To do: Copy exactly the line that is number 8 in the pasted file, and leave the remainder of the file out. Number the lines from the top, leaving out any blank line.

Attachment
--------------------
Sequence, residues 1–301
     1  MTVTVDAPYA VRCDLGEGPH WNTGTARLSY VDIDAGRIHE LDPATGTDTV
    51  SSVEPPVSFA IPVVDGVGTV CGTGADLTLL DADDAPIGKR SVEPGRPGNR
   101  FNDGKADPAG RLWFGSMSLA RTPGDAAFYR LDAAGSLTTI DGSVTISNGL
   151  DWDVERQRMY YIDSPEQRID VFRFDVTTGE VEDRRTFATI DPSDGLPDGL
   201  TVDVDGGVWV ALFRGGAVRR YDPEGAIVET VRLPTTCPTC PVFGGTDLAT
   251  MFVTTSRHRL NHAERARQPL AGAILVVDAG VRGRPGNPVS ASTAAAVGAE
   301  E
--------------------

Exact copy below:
   301  E